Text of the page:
Rules for matching subwoofers to room size

I am setting up a new music listening room and will be adding a subwoofer for movies and (mostly) to fill out the full audio spectrum for music. Is there a rule of thumb for subwoofer size/output for a given room volume? My room will be about 11x20x8 WxLxH. Thanks in advance.
Think two, rather then one large. Two ten inch, front firing should do the trick. For a discussion of 'two' check out floyd toole's 'sound reproduction' book. I have two 12 inch NHT units and have been able to verify that when only one is used, the 'coverage' is not as great as using two.
I don't know of any rule of thumb for matching room size. Velodyne has a tool on their web site based on the room volume. That may help.

I wouldn't pick a 10" sub(s) unless the room is really tiny -- your room isn't. Better to have a much larger sub than one too small.

I agree that two subs will yield a smoother response over a wider area if you have freedom of placement.
Room size is important but not first on the list.

The first thing to consider when choosing a sub is it's compatibility with your main speakers (you didn't say what they are? ;-)

You need to know/decide where/what the crossover frequency will/must be between the main and sub. It sounds like you're going to run the mains full range and just fill in with the sub (what I always recommend.) Some like to roll the mains off higher than their lowest frequency capability (to put less strain on their main amplifier) and let the sub take over below that.

The one-versus-two subs debate need not be contentious, and has a relativly simple solution: If your sub will be operating under 100Hz (under 70Hz preferred) there will be no directional information (that the human brain can identify) below that frequency anyway; and it's much easier to position a single sub for seamless matching to the main speakers. A good sized multi-driver sub like a MartinLogan Descent is my choice. Why? Plenty of output, but also great transient response with (3) 10" drivers rather than one 12" or 15" driver. The REL and the JL Audio also have great reputations.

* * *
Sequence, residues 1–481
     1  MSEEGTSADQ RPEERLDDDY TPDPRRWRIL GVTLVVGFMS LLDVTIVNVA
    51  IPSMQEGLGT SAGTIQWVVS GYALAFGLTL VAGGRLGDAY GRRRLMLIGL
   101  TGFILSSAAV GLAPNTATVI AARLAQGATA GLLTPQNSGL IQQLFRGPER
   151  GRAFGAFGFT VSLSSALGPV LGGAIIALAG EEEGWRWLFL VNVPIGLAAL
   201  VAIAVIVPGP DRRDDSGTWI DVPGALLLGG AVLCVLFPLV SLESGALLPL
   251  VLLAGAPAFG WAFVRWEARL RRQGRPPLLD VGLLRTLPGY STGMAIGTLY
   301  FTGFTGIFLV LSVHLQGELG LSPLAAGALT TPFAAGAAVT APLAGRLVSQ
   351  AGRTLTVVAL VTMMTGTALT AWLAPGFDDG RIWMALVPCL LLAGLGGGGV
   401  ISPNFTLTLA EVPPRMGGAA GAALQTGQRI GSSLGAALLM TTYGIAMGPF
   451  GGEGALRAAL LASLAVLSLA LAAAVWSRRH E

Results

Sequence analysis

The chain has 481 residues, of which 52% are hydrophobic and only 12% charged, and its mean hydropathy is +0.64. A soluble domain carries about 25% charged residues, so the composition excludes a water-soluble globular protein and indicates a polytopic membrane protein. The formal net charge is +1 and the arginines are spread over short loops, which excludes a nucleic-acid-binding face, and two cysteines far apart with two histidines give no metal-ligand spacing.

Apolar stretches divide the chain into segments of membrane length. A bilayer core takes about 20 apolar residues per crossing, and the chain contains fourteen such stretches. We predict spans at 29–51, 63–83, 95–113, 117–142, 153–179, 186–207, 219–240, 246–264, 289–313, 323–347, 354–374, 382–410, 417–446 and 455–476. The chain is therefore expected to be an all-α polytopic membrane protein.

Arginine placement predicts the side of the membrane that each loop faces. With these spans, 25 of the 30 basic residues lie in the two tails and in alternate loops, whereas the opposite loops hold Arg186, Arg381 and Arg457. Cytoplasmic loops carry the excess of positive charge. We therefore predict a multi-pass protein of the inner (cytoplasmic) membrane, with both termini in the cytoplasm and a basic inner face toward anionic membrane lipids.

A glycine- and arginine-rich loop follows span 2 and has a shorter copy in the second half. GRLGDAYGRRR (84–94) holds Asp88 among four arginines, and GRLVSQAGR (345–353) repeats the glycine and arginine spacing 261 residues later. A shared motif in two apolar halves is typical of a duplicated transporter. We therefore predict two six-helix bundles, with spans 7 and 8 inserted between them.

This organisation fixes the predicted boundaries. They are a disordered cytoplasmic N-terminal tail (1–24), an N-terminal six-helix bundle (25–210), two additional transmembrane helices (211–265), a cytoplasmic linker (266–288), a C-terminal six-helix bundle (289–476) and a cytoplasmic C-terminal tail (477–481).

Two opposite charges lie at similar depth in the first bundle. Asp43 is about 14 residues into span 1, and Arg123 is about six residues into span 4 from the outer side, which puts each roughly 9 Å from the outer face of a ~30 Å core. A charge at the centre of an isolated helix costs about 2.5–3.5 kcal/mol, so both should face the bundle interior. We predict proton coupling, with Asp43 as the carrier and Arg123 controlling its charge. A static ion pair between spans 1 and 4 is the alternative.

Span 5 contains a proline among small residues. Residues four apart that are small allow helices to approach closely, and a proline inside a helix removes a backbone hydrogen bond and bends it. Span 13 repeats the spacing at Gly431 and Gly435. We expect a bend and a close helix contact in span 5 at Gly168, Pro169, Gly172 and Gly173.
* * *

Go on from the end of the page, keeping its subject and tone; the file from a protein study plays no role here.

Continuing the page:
It's also much easier to locate a single sub. Just plop it in your listening chair and then wander around your room listening for the spot(s) where the low frequencies sound best. Those are the spot(s) where you should locate the sub when YOU are in the listening chair ;-)
IMHO, If there is any stereo information below 70 Hz (and with an LP there won't be) the SW will be easily located.

I would stay away from 10" subwoofers which achieve their SPL by extreme cone excursion that results in distortion.

A quality 12" or 15" driver will have a much stronger magnet/voice coil than a 10" driver, and so can handle transients just fine.
>I am setting up a new music listening room and will be adding a subwoofer for movies and (mostly) to fill out the full audio spectrum for music. Is there a rule of thumb for subwoofer size/output for a given room volume? My room will be about 11x20x8 WxLxH. Thanks in advance.

As big as possible for output below the fundamental resonance. If you'll be using the same woofer for more than just sub-bass you'll want to pay attention to its output at hiher frequencies.

Above the fundamental resonance you want multiple sub-woofers to minimize the depth of the nulls and height of the peaks, with the references being Todd Welti's paper and Earl Geddes' work.

Earl's solution using three randomly placed woofers with one near the ceiling will provide the best performance; with only one needing to be capable of sub-bass.

>IMHO, If there is any stereo information below 70 Hz (and with an LP there won't be) the SW will be easily located.

With output levels matched with pink noise, a 4th order low-pass filter, freedom from distortion and port noises, and no nearby structural resonances you'll be fine.

If a subwoofer has a steep crossover at 80 Hz or below you can place it anywhere in the room and not be able to hear its location. The reason is, at 80 Hz and below wavelengths are so long that the ear cannot tell what direction they are coming from because the arrival time difference from one ear to the other is too small of a fraction of a wavelength. Now the 80 Hz figure comes from tests done with pure sine waves; in a sound system where you have main speakers reproducing the upper harmonics which are giving you strong directional cues you can probably run the subs above 80 Hz and they won't give away their location as long as the lower midrange energy is filtered out.

Note that we localize the direction of bass instruments (kickdrum, bass guitar, double-bass, organ, synth) from the higher harmomics, not the fundamental.

In my opinion the main argument for using multiple subs has to do with smoothing out the in-room response, as Drew Eckardt says. The roughness of the in-room bass response is approximately inversely proportional to the number of independent bass sources within the room, but that being said not all multisub placement strategies are created equal. Using multiple subs is not a cost-effective way to maximize output level if that's the top priority; a single powerful ubersub will almost always go louder (and deeper) than its dollar equivalent in multiple smaller subs.